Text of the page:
Grace Mugabe probed for links to ivory smuggling
Zimbabwean police are investigating former president Robert Mugabe’s wife, Grace, accused of smuggling ivory worth millions to underground foreign markets. The Sunday Mail reported yesterday that investigators from the parks and wildlife authority handed documents to police allegedly showing that the former first lady spirited large consignments of ivory to China, the United Arab Emirates and the United States, among other destinations. Police spokeswoman Charity Charamba confirmed receiving a report, but declined to elaborate. The Sunday Mail said the report accused Grace Mugabe of ordering officials to grant her permits to export the ivory as gifts to the leaders of various countries. “Once outside Zimbabwe, the ‘gifts’ would be pooled together with other consignments of the product and routed to black markets,” The Sunday Mail reported. A senior official in the presidency, Christopher Mutsvangwa, told the paper the government had been tipped off by whistleblowers.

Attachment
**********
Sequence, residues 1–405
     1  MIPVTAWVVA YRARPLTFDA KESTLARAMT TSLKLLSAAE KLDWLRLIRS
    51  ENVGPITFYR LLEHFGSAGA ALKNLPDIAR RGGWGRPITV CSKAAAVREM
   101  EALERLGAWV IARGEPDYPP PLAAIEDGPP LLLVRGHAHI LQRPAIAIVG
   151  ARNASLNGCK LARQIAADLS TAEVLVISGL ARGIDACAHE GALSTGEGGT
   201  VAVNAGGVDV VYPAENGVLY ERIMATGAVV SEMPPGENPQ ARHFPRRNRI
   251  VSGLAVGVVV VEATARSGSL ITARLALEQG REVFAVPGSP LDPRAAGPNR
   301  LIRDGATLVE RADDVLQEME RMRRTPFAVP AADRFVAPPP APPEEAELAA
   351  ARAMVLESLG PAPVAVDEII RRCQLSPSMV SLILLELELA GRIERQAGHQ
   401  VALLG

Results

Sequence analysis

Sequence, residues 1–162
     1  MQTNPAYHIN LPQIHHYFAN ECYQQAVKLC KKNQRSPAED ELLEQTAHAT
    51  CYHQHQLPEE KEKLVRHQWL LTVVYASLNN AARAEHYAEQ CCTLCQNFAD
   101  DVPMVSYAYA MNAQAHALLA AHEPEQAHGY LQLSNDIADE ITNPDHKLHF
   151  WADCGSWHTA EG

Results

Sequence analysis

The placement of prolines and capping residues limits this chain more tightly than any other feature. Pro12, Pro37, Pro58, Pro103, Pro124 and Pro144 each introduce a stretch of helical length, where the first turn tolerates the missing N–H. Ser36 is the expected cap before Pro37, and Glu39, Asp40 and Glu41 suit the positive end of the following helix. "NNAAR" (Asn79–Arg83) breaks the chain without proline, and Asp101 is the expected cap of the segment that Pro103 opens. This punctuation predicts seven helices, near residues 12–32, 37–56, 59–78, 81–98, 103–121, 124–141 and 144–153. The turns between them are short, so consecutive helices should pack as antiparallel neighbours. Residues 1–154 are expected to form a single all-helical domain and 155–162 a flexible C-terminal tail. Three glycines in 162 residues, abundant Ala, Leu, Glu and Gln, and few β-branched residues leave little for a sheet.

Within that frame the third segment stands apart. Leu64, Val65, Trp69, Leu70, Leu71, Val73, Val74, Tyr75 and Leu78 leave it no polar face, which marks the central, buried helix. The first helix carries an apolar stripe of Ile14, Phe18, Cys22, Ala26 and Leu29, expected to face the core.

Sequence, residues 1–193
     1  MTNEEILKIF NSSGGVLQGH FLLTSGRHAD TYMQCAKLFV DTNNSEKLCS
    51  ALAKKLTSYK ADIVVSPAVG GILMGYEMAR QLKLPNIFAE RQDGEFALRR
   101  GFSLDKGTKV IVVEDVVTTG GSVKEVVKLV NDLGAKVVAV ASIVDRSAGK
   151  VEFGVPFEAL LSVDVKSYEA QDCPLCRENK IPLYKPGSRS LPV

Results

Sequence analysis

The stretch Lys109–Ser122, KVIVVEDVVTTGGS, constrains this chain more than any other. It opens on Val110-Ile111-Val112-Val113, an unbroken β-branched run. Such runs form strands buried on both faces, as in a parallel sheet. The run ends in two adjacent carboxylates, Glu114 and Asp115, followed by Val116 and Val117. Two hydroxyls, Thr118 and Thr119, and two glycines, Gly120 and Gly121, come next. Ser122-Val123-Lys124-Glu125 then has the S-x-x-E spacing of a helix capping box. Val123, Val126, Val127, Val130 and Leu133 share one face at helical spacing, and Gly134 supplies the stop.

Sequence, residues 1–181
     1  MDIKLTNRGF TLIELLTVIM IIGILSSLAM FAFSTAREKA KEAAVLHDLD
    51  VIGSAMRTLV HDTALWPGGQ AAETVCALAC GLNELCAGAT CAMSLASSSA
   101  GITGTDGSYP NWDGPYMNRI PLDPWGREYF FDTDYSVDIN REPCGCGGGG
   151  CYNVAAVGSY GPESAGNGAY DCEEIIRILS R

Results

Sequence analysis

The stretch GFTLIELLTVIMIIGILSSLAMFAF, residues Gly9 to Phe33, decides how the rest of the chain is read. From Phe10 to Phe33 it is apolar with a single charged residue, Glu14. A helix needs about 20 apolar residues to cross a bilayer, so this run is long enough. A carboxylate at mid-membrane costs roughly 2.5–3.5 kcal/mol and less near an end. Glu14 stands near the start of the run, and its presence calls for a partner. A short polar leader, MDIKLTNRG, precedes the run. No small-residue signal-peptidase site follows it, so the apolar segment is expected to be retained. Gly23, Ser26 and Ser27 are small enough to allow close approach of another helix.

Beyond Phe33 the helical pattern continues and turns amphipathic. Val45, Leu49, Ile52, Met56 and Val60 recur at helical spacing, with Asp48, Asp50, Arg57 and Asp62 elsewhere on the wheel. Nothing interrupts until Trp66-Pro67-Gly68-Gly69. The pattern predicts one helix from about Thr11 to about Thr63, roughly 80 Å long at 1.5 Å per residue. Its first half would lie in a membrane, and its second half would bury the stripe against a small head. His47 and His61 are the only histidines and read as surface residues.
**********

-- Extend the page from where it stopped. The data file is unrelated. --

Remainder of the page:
“Police and whistleblowers laid a trap for suppliers believed to be working for Grace Mugabe,” Mutsvangwa said. “The culprits were caught and when we were confronted with so much evidence, there was no way we could ignore it.” The paper said police may question the former first lady soon. Grace was tipped alongside the current President Emmerson Mnangagwa to succeed Mugabe, who ruled Zimbabwe since independence from British colonial rule in 1980 until he was forced to step down in November following a military takeover. She earned the sobriquet “Gucci Grace” for her lavish lifestyle. Zimbabwe has suffered rampant poaching of elephants, targeted for their ivory tusks which are used for ornaments and medicines. At least 400 elephants died from cyanide poisoning in Hwange, Zimbabwe’s biggest national park in the northwest of the country, between 2013 and 2015.